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welfare is, of necessity, connected with his welfare. Herein, therefore, we have the needed security.

I have thus endeavored, as fully, and yet as briefly as my time permitted, to answer the several questions suggested by the subject before us. My aim has been to present a few leading thoughts upon the topics discussed, in a plain, practical manner. If what has been advanced shall have a tendency to incite reflection, and provoke investigation, my design will have been accomplished.

Fellow Teachers, - Whatever be the mode or character of the supervision under which any of us are placed, be it thorough or superficial, just or unjust, our responsibilities are always the same-great and fearful. While the multitude of men are eagerly pursuing some personal object, wealth, power, fame, it is our province-humble in the world's esteem, but subline in its momentous results—to shape the destinies of immortal souls.

As, day after day, we take our station before the charge intrusted to our care, and look upon the beaming faces upturned to our counsel and instruction, let us pause and reflect, that to us it is assigned to impel and goveru the delicate, wonderful, complicated machinery of mind; that if any of its parts should be corroded by the rust of neglect, or injured by the hand of ignorance or unskilfulness, it may produce nothing but the harshness of discord, the bitterness of hatred, the atrocity of vice; but if all its parts are carefully and wisely adjusted, maintained in harmony and mutual adaptation, it may work out the grandest achievements of enterprise, the noblest deeds of patriotism, the deepest love of philanthropy, the warmest devotion of Christian zeal, the proudest victories of intellectual supremacy, the mightiest sovereignty of justice, truth and virtue. Let us then toil on with energy, faith and hope. Though the luxuries of wealth, the pride of power, the dignity of place, the plaudits of fame, are beyond our sphere, we may attain to an infinitely higher reward—the calm approval of that searching monitor within, Conscience; and the everlasting benedictions of a superintending, omniscient God.

LECTURE III.

THE TEACHER IN THE NINETEENTH CENTURY.

BY THOMAS CUSHING, JR.,

OF BOSTON, MASS.

The fact of our assembling to-day, as Teachers, presupposes that our profession is a common bond of interest to us, and that the different phases of teaching, at different times and under different circumstances, are proper subjects for our consideration. Meeting for mutual improvement, however, it seems to me that I cannot better occupy a small portion of our time, than by trying to bring definitely before you some of the peculiar circumstances that affect the business of teaching and the position of the teacher at the present day, and striving to draw from them some hints for the consideration of those now engaged in, or who are about to engage in this occupation. A great deal has been said and written of late years by the professed friends of the teacher, intended to magnify our office, and create in the public mind an interest in our labors, and regard for ourselves. So far we thank them. From much that we hear and read, it might almost be inferred that Teaching to any purpose, was quite a new art; that great and extraordinary results from the practice of it, were soon to be looked for; and that the pleasures and satisfactions of it, were quite unalloyed, and far surpassing the ordinary lot of humanity. How far all this is true, is of some importance to us who are engaged in it. It is also important that the public should be possessed of correct ideas on the subject, that the teacher's labors may be fairly judged, and that nothing undue or impossible may be expected of him.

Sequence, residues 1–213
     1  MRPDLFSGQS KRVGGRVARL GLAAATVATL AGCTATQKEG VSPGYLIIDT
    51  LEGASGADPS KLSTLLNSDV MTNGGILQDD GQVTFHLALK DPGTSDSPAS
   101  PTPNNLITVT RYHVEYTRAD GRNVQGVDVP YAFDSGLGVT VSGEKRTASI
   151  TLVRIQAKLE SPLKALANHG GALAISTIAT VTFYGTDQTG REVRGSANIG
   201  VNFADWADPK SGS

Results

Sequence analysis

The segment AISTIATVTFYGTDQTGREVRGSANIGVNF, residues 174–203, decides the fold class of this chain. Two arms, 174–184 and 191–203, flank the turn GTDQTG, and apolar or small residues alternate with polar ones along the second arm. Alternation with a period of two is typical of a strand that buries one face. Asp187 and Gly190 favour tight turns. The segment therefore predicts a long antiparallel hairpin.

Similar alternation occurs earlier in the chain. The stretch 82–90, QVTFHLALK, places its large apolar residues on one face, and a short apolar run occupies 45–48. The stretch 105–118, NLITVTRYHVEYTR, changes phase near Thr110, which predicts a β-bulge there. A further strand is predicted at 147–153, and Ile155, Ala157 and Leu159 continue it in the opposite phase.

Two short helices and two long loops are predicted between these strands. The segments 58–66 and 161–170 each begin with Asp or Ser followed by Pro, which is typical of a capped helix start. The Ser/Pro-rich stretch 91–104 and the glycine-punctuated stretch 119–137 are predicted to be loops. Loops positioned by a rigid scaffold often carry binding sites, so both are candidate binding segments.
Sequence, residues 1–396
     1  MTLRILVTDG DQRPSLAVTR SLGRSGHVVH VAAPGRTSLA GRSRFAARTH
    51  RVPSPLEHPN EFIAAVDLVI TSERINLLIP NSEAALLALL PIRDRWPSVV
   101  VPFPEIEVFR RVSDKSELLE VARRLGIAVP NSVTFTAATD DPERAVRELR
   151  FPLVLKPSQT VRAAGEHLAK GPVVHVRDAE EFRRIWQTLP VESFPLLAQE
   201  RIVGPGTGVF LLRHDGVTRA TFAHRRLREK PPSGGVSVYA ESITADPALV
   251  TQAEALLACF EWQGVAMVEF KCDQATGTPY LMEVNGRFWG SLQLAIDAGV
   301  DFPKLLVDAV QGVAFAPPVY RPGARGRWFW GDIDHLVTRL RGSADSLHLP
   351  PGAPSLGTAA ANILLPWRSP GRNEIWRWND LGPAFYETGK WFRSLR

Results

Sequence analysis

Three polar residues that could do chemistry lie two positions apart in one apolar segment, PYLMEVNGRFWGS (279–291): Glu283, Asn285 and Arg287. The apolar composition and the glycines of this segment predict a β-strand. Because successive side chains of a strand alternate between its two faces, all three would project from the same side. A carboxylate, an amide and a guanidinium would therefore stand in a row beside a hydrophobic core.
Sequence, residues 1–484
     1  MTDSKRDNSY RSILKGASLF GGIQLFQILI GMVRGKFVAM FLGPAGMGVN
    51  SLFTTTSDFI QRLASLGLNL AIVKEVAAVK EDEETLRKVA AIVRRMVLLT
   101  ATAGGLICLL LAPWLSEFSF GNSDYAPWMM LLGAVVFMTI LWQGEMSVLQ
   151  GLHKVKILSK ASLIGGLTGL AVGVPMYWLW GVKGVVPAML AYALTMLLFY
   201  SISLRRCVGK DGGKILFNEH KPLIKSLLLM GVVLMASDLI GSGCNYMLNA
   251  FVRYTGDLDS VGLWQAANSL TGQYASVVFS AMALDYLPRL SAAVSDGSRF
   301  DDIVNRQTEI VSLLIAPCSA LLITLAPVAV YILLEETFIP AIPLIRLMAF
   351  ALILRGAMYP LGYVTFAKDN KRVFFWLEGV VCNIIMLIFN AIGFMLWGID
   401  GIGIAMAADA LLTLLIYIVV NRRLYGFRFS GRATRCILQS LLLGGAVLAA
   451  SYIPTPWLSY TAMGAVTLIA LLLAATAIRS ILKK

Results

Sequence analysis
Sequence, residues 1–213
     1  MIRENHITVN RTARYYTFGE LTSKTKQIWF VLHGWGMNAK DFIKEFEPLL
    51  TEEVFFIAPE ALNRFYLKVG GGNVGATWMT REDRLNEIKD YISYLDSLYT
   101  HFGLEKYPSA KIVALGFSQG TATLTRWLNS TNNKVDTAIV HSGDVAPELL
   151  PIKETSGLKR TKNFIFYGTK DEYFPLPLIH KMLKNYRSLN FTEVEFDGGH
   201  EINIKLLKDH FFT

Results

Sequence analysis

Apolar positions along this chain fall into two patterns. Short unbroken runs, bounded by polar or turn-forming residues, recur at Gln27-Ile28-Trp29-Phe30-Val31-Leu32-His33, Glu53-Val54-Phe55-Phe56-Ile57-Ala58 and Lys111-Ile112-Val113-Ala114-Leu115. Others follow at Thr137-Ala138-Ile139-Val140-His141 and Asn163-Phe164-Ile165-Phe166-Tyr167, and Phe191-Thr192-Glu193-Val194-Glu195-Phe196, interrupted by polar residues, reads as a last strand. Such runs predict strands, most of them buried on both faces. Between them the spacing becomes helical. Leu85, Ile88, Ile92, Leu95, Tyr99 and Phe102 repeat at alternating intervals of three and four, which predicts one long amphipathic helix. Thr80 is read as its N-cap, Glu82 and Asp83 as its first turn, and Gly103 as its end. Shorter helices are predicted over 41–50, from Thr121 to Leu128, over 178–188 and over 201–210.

Let us, in the first place, do justice to the past. That there must have been good and skilful teachers in former days, is evident from results. Considering the means with which they operated, it may well be doubted, if any better or more skilful exist at the present time. Education was not so generally diffused as it is now in a small and favored portion of this country and Europe; but looking back for centuries, we find always men and women of high accomplishment and deep and thorough culture. Do we find men more deeply imbued and thoroughly read in classical lore, than Milton, Taylor, Johnson, and that great army of professed teachers, the Jesuits? Are young ladies numerous, who, like Queen Elizabeth, could converse with foreign ambassadors in Latin; or, like Lady Jane Grey, could sit down quietly and enjoy reading Plato in the original ?

And yet these acquisitions do not come untaught to the most brilliant minds. The elements must have been correctly and thoroughly taught, or there could

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